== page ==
• Her spouse decides he can't tolerate her lack of motivation/fatigue/crying/sleeping all the time.  He leaves and she has no income.  She has to move to a homeless shelter, where her belongings become infested with bed bugs.
  • His parents kick him out of the house because he is acting weird.  Now he is sick and homeless; he couch surfs until his friends cannot cope with his illness anymore.
  • She has to be admitted to the hospital.  She has no family supports, so OCY takes her children.
  • He takes medicine that helps his brain work correctly, but it has awful side effects -- it makes him drool.  He feels better but no one wants to hire him.
  • He is misdiagnosed.  Instead of helping his brain work right, medicine makes him worse.  He becomes lost in a maze of case managers, agencies, therapists, psychiatrists, disability hearings, and hospitalizations.
  • He is denied Social Security Disability Income.  He appeals, but they tell him it could take up to a year to get a decision.  A year!  In the meantime, he is homeless because he has no income.
  • He has been in and out of psychiatric treatment for years.  Every time he gets sick, he sees a different psychiatrist.  There is no continuity of care; no one knows what treatments have worked or not worked in the past.  Doctors don't trust his own story of his previous medical care.

These examples are all based on people I have met in my various hospitalizations and outpatient experiences.  Please try to imagine living with illness plus these various sad circumstances.  Try to imagine being homeless or losing your children while your brain can't correctly interpret reality.

Sure, they're part of Mitt Romney's 47%, but they are not freeloaders.  They are very sick and they cannot work because of their illnesses.  Or they try to work but can't keep a job because of their illnesses.  Or nobody wants to hire them because of their illnesses.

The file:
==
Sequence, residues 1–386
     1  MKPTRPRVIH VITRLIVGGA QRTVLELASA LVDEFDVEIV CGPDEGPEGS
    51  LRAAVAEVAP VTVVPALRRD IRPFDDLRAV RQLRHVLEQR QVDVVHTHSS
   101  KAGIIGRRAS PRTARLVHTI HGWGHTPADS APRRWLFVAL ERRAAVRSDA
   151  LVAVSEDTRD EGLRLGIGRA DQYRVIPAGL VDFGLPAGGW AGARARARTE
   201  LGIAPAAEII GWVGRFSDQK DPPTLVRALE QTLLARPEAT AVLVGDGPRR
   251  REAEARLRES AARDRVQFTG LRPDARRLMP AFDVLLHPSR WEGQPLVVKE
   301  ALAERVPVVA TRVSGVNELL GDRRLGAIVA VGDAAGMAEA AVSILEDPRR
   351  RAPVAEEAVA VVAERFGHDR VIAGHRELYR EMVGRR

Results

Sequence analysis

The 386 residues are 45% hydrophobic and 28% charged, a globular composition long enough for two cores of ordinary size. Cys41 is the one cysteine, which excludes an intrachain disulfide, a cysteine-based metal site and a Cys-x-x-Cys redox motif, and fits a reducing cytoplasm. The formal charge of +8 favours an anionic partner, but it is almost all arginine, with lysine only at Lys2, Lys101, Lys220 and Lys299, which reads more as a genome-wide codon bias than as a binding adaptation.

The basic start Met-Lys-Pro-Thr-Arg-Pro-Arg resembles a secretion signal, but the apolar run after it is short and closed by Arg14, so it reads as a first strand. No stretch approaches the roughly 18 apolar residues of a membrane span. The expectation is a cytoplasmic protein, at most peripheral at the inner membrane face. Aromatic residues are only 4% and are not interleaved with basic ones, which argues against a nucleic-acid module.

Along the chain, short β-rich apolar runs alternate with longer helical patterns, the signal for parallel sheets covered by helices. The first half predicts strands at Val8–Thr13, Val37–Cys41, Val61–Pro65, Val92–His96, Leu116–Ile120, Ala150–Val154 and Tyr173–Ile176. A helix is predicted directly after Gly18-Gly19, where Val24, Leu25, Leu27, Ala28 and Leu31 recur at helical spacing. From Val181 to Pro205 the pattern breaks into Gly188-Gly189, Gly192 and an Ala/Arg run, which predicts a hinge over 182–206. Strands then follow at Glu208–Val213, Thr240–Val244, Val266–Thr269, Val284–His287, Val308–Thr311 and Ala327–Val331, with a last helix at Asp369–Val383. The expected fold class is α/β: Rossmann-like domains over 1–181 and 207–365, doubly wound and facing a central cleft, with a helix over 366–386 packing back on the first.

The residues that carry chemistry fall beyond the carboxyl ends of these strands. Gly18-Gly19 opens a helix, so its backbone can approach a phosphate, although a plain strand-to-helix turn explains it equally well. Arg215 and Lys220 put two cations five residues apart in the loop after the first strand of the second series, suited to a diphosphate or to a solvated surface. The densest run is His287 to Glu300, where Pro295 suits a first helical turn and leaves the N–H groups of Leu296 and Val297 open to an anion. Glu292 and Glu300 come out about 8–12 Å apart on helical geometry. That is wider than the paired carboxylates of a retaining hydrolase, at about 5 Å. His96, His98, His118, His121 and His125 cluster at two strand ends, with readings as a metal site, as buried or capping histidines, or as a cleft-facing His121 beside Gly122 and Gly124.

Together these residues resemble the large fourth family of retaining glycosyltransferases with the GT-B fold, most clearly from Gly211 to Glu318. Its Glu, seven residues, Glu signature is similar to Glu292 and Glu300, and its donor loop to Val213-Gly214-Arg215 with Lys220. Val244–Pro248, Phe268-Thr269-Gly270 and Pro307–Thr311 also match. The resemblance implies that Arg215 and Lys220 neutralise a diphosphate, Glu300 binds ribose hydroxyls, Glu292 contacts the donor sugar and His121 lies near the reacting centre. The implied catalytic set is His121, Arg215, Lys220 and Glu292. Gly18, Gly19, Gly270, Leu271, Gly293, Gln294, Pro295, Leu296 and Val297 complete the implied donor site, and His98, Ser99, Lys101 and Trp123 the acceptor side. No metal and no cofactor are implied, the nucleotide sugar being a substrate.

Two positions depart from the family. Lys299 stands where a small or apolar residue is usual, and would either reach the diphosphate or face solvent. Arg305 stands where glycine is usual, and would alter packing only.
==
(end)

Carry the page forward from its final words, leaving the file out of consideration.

And there, but for the grace of God, go I.

April 18, 2013

Can America end gun violence?

Can this country do what it takes to reduce gun violence?  Let's talk about the issues involved.

We'll start with President Obama's proposals.  The President's plan includes four points:
  1. Closing background check loopholes to keep guns out of dangerous hands
  2. Banning military-style assault weapons and high-capacity magazines, and taking other common-sense steps to reduce gun violence
  3. Making schools safer and
  4. Increasing access to mental health services.
I like this.  There's some good stuff here.

Closing background check loopholes wouldn't have affected Newtown, granted.  But it might stop suicides and domestic shootings.  And making straw purchases a felony might stop some of the street sales of guns in inner cities. 

I have mixed feelings about banning assault weapons, but I can get behind banning high-capacity magazines that let someone rip off 150 shots in five minutes.  That would definitely help in mass shooting scenarios, like the one in Arizona where the shooting was stopped when the shooter had to stop to change clips.  Some people think that stopping gun violence is a gun control issue.

I also have mixed feelings about "making schools safer."  There is some evidence that school resource officers (SROs), who are supposed to make schools safer, are criminalizing childish behavior and teaching kids to distrust police. But others say this isn't true.  The ACLU has put forth a paper to guide SROs that encourages thinking about "the role of SROs within the context of the educational mission of schools."  Some people believe that gun violence can be addressed as a school safety issue.

Increased access to mental health care is great because mentally ill people have been stigmatized and marginalized forever.  They need care.  Some people think that gun violence is a mental health issue.